HOT TUB TIME MACHINE
DIR: Steve Pink
CAST: John Cusack, Rob Corddry, Craig Robinson,
Clark Duke, Lizzy Caplan, Collette Wolfe, Crispin Glover
Hot Tub Time Machine couldn’t be accused of originality. Steve Pink, a long time writing cohort of John Cusack’s, makes his directorial debut here with a movie which, essentially, takes Back to The Future, assorted 80’s comedies, and The Hangover, stuffs them in a blender and pours the resulting mix onto celluloid in a pretty slapdash manner. The catch is this; it’s really funny.
The story is pretty simple; three guys, Adam, Lou and Nick (Cusack, Corddry and Robinson) who were close in their teens and twenties but have grown apart go back, along with Adam’s nephew Jacob (Duke), to the ski resort where they had great holiday when they were younger in an attempt to cheer up Lou, who has recently attempted suicide. They find the place deserted, but after a night of drinking in the resort’s hot tub they wake up to find that they have gone back in time to 1986 and, while making sure they do everything the same, so as not to alter the future, they have to find a way to get back to 2010.
There is a sense here that most of the really funny stuff is coming not so much from the screenplay so much as it is from the actors, it’s a film that feels pretty heavily improvised, especially by Corddry, who is consistently hilarious as Lou (of whom Nick notes “He’s like that friend who’s an asshole, but he’s our asshole”). Lou simply doesn’t have any self-editing instinct, everything that enters his mind exits his mouth soon after, and it’s almost always hilariously appalling (especially in reference to Adam’s sister - Jacob’s mother - Kelly (Wolfe)). While Hot Tub Time Machine certainly boasts much crudity what is pleasing is that it doesn’t sink to the level of, say, Observe and Report and mistake something rampantly offensive for a joke.
The casting is generally very strong. John Cusack, of course, is back on familiar turf in 80’s set comedy, the key difference being that the last time he did one it was the 80’s. The film doesn’t go right out and comment on his status as an iconic part of 80’s cinema, but it’s something that’s in the background a lot, especially in the scenes with another, more offbeat, 80’s icon; Crispin Glover. Glover’s role is essentially one endlessly repeated gag, but that gag is always, always funny. I hadn’t seen Craig Robinson before, and he impressed me here, especially in the riotously funny scene in which his character Nick calls his then nine-year-old wife and berates her over the phone for things she hasn’t even done yet. Clark Duke, who was funny in Kick Ass, has a bit more of a straight man role here. He does what he can with it, but doesn’t make a big impression because for much of the time he gets the expositional work.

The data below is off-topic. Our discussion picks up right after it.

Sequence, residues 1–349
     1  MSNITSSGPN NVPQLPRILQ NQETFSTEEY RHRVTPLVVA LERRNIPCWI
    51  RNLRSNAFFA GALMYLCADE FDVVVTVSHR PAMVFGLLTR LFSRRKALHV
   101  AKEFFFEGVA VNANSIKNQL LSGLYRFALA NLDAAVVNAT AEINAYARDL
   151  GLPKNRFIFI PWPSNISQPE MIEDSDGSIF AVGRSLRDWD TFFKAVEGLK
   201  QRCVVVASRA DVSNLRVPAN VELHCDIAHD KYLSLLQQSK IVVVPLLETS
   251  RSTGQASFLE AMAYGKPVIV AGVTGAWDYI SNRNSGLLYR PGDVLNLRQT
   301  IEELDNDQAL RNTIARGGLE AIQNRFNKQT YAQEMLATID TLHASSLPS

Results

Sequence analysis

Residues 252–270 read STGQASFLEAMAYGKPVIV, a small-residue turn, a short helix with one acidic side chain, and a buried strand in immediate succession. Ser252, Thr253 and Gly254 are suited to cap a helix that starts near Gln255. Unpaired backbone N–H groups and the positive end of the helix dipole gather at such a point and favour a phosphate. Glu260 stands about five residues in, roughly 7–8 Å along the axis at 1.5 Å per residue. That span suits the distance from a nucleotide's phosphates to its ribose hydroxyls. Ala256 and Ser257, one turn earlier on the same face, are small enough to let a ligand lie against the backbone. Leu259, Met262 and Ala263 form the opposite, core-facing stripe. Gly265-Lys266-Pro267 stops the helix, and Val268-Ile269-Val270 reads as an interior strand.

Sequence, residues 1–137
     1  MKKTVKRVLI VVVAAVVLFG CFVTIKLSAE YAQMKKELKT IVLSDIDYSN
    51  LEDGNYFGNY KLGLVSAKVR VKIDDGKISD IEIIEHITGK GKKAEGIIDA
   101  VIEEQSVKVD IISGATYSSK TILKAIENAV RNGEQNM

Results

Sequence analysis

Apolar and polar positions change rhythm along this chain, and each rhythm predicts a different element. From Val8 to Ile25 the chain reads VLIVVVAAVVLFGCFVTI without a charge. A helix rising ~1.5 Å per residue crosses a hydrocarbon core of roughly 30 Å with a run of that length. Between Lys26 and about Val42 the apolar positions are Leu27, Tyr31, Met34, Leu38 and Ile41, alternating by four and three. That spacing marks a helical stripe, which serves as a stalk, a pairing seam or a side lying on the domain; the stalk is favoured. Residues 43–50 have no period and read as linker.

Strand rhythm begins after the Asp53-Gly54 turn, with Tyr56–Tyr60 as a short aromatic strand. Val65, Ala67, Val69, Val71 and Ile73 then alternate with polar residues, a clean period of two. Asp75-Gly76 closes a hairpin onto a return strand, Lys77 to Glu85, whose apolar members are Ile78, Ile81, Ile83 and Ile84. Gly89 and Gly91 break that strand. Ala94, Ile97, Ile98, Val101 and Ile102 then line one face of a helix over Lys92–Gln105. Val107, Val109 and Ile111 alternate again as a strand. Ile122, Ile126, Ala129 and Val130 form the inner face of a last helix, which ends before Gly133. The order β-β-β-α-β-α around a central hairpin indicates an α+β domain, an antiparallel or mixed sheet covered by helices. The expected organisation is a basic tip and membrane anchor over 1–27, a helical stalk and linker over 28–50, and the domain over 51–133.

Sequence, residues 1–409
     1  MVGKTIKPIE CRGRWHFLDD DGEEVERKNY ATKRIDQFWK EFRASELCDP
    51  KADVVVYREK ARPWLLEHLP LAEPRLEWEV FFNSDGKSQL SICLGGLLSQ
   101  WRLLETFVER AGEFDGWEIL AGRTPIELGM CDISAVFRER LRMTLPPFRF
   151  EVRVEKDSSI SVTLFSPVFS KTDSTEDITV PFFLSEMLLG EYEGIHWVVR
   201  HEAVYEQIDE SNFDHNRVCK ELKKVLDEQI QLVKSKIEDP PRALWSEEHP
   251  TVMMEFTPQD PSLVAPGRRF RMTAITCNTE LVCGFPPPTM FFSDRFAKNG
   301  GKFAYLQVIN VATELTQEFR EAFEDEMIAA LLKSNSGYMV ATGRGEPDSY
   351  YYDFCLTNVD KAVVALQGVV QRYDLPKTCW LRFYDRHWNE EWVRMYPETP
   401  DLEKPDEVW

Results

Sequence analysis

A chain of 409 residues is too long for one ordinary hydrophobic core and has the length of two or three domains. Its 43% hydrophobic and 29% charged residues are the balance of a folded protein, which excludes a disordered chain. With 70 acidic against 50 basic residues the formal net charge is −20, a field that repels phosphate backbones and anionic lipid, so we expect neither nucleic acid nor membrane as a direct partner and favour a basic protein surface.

The film’s women don’t get so much to do, and at least a couple exist purely to supply the film with naked breasts. However, two of the female cast do make a real impression. First there’s Lizzy Caplan, who really seems to be a gifted actress, I’ve seen her only a handful of times, but she’s been fresh and different in each role I’ve seen her play, but always exhibited an immense amount of charm. The movie doesn’t do much with the story between Cusack’s Adam and Caplan’s young rock journalist, but her magnetism and warmth make it play. In the hateful sewer that was Observe and Report I did manage to pick out one little gem; Collette Wolfe. I barely recognised her here as her coke snorting, free loving Kelly is pretty distant from the sweet natured girl she played in Observe, but she’s just as good here, confirming her status as a name to keep an eye on.
I can’t pretend that Hot Tub Time Machine has any real depth, or even that I really cared about the characters or the plot that much, but I laughed. The film runs a brisk 99 minutes, and for most of that time I had a big grin on my face and was laughing heartily every couple of minutes, and that’s certainly enough to earn this film a solid recommendation.